Twitter to pay $100,000 for violating Washington campaign disclosure law

Twitter will pay $100,000 for failing to retain required records about political ads from Washington candidates that ran over a seven-year period before the social media platform banned all political advertising.

Twitter agreed to pay the fine, which is about half the amount the company received from Washington candidates’ political advertising from 2012 to 2019, to Washington’s Public Disclosure Transparency Account, Attorney General Bob Ferguson announced Tuesday. The fine comes after Ferguson announced his intention over the summer to sue the company over campaign finance violations

Under Washington’s campaign finance law, commercial advertisers must keep certain information, such as candidates’ names, the cost of the ad and who paid for it and on what date, and the name and address of the ad sponsor. According to the attorney general’s office, at least 38 Washington candidates and committees paid $194,550 for advertising on Twitter, and the company didn’t maintain the required

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The George Washington University Law School
Washington, D.C.

As D.C.’s first law school, the George Washington University Law School has set the standard for legal education for more than 150 years. GW Law has an impressive, longstanding record of educating forward-thinking leaders. For example, by 1895, our graduates had already written the patents for Bell’s telephone, Mergenthaler’s linotype machine, and Eastman’s roll film camera. We continue to set the curve today, with a robust curriculum offering more than 275 elective courses designed to give students both a broad and in-depth legal education.

Our world-renowned faculty is regularly featured in print and in the media for outlets such as The New York Times, The Wall Street Journal, MSNBC, and CNN. Our faculty also has been cited as having the second-most downloaded scholarship on the Social Science Research Network (SSRN) law school list. Our faculty

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Anti-government groups shift focus from Washington to states

TRAVERSE CITY, Mich. (AP) – The alleged foiled plot to kidnap Michigan’s governor is a jarring example of how the anti-government movement in the U.S. has become an internet-driven hodgepodge of conspiracy theorists who have redirected their rage from Washington toward state capitols.

That’s in contrast to the self-styled “militia” movement that took shape in the 1990s – loosely connected groups whose primary target was the federal government, which they considered a tyrannical force bent on seizing guns and imposing a socialist “new world order.”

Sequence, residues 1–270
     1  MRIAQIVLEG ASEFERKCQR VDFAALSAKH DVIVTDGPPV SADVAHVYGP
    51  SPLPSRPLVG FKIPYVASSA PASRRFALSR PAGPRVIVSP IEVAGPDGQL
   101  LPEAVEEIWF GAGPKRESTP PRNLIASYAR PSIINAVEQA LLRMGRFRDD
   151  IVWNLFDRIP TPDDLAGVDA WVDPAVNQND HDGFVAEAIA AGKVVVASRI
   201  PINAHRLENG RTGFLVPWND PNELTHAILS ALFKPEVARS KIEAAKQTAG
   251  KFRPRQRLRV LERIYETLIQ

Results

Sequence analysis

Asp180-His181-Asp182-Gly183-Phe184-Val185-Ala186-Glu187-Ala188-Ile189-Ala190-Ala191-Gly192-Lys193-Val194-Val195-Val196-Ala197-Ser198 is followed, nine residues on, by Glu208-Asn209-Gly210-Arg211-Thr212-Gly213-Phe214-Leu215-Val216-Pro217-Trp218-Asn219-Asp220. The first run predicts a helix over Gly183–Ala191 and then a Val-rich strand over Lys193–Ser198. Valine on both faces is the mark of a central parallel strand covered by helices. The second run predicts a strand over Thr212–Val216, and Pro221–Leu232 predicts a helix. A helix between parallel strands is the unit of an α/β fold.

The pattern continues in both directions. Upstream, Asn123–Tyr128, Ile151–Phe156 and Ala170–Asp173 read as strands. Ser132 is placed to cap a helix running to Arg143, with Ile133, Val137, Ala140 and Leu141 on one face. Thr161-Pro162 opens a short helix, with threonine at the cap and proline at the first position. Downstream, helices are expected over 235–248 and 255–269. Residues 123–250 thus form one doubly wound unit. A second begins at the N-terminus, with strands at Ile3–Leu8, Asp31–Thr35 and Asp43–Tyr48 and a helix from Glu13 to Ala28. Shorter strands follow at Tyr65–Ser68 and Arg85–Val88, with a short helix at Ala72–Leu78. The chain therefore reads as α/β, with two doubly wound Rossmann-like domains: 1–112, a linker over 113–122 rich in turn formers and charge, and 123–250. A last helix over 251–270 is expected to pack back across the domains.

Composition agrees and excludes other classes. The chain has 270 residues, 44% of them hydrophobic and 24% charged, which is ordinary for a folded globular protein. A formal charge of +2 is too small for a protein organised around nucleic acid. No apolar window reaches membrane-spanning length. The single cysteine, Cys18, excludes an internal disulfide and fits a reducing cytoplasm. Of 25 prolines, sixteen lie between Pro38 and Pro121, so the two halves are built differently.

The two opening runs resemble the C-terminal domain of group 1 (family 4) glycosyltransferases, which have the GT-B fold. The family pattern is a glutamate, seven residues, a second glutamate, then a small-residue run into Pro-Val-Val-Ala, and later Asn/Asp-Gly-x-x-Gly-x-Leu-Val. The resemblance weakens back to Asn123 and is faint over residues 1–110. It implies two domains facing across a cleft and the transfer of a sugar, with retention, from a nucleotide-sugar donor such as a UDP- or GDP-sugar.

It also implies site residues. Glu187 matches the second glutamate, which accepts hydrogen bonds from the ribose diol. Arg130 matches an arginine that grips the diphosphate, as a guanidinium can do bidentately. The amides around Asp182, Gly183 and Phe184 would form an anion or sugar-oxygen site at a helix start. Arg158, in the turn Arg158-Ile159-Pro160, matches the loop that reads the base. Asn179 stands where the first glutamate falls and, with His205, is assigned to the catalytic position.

Deadly standoffs between FBI agents and extremists at Ruby Ridge, Idaho, and Waco, Texas, stoked those groups’ anger. Timothy McVeigh and Terry Nichols, convicted in the 1995 bombing of the Oklahoma City federal building that killed 168 people, were reported to have met with Michigan paramilitary activists.

Public revulsion over that massacre damaged the movement, which largely faded from public view. But recent protests over

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Anti-Government Groups Shift Focus From Washington to States | Political News

By JOHN FLESHER and MICHAEL KUNZELMAN, Associated Press

TRAVERSE CITY, Mich. (AP) — The foiled plot to kidnap Michigan’s governor is a jarring example of how the anti-government movement in the U.S. has become an internet-driven hodgepodge of conspiracy theorists who have redirected their rage from Washington toward state capitols.

That’s in contrast to the self-styled “militia” movement that took shape in the 1990s — loosely connected groups whose primary target was the federal government, which they considered a tyrannical force bent on seizing guns and imposing a socialist “new world order.”

Deadly standoffs between FBI agents and extremists at Ruby Ridge, Idaho, and Waco, Texas, stoked those groups’ anger. Timothy McVeigh and Terry Nichols, convicted in the 1995 bombing of the Oklahoma City federal building that killed 168 people, were reported to have met with Michigan militia activists.

Public revulsion over that massacre damaged the movement, which largely faded

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Book Review – The Second Civil War, How Partisanship Has Paralyzed Washington and Polarized America

Ronald Brownstein in this short, concise 2009 book has produced a complete and accurate account of the recent ugly, partisan side of politics. He provides a backdrop and history of some of the contributing factors and events which have led to this unfortunate era of United States political intrigue and competition – some of the most divisive since the Civil War.

Having been a high school teacher of Current World Problems and Political Science during the 1980s-2000, I can attest to the accuracy of the events of the time period. This book starts with the highly partisan retirement speech of Tom Delay, House of Representatives Speaker, Republican, and it continues with the on-line ultra-leftists like The Daily Kos and MoveOn.org, as well as the stance of Brownstein’s description as extreme Democrat leaders – those like Harry Reid and Howard Dean… those blamed for the escalation of the “scorched earth”, highly … Read More